Mahatma Gandhi once said: “When I wake up, I am reborn.” If you sleep poorly, you’re more likely to feel strain and fatigue. I’m sure you can all relate. Inadequate sleep and its consequences plague 33–45 per cent of adult Australians, according to a 2016 health report by the University of Adelaide and the Adelaide Institute for Sleep Health.
Stress, health issues such as sleep apnea and a growing tendency to use screens at night certainly play their part. However, poor bedroom design also has a powerful role.
Anthony Ashworth, a holistic interior and building design expert, says it’s well worth putting in the effort to create a bedroom that supports sleep. “Deep rest and good sleep are the foundation for a good life,” he says. Without it you’re more susceptible to mental, psychological and physical disease. You’re less efficient, less productive and less able to engage socially. And, he adds, when you’re tired, you have less energy for that other function of the bedroom: the primary relationship between couples, including sexuality.
Creating a yin haven
Rather than the latest interior design fads, focus on design concepts that support the overarching function of the bedroom. “More than anywhere else in the home, the bedroom is really about rest and revitalising oneself,” Anthony says. From a feng shui perspective, your bedroom should ideally be quite nurturing and yin— the feminine principle of the universe.
“The quality of yin is lack of movement,” he explains. “It’s quiet, it’s soft, it’s round, it’s darker, whereas yang is masculine, colourful, expansive and louder. Yin is the inward quality that sends you into yourself, so it’s ideal for good sleep.”
Position, position, position
According to the ancient design principles of Chinese feng shui and Indian vastu shastra, the master bedroom is best placed in the south-west of your home, considered the relationship sector. More importantly, though, all bedrooms should ideally be placed towards the rear of the property. “We’re literally looking to be away from the distractions of the street, be that dogs, cars or street lights, noise or trucks first thing in the morning,” Anthony says.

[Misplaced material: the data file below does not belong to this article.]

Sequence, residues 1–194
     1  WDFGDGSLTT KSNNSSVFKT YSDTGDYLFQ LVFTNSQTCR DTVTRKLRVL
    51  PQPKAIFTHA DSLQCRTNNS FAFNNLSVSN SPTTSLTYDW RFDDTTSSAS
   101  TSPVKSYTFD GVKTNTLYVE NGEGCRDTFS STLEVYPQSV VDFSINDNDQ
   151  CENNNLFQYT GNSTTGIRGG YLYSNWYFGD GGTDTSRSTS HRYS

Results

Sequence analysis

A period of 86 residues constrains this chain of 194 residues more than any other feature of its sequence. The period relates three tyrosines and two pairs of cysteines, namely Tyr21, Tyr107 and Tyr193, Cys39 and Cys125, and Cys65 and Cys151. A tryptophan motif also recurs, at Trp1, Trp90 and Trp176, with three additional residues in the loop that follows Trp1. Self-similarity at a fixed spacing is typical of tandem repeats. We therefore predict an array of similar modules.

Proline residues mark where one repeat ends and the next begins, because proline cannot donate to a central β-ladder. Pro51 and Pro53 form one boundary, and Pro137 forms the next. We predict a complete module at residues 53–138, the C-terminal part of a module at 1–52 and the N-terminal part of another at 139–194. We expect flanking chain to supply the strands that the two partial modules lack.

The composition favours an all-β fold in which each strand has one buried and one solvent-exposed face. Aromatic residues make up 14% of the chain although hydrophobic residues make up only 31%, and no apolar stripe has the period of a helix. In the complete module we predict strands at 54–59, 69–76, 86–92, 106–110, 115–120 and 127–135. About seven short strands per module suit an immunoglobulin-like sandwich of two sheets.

The master bedroom is particularly important: it supports those responsible for the family and earning income. “As you get older, you tend to sleep less well,” Anthony adds. He suggests those unable to change the positioning of their rooms (for example, those who are renting) try screening the front yard with removable fences, hedges or plants.
From a noise and energetic perspective, it’s also better not to have your bedroom against a bathroom wall, or above or beneath the busiest rooms of the house. If you do have an en suite in your bedroom, keep the door shut.
Creating snug spaces
“In modern architecture there’s a predilection to make bedrooms bigger and bigger, with lovely views and big windows,” Anthony says. “That’s not what you want from a bedroom.” Instead, foster a space that’s snug, private and tucked away. “You don’t want a big space, high ceilings or lots of glass,” he adds.
Avoid over-furnishing the room. Alternatively, you don’t want a stark bedroom. “It should be a place that brings forth a certain feeling of nurturing, of being held,” he says. To promote this feeling, position your bed in front of a solid wall with the door as far from the bed as possible. Also try not to have the bed on the same wall as the door or too close to a window. Sleeping too close to either can make you feel psychologically less secure in bed, he says.
However, you don’t necessarily want the bed pushed off to one side of the room, either. “Somewhere in your brain you prefer a certain level of symmetry,” Anthony says. Matching bedside tables either side of the bed can create symmetry and are also said to anchor and ground you. But keep the clutter off.
“All doors should be able to be opened 90 degrees,” he adds. “Even though it’s a quiet room, you don’t want it to become stagnant, either.” Also do your best to avoid too much going on in the ceilings. “Try not to have cathedral ceilings and avoid beams, particularly in bedrooms,” he says. In feng shui, protruding, angular surfaces are said to create negative energy called “poison arrows”.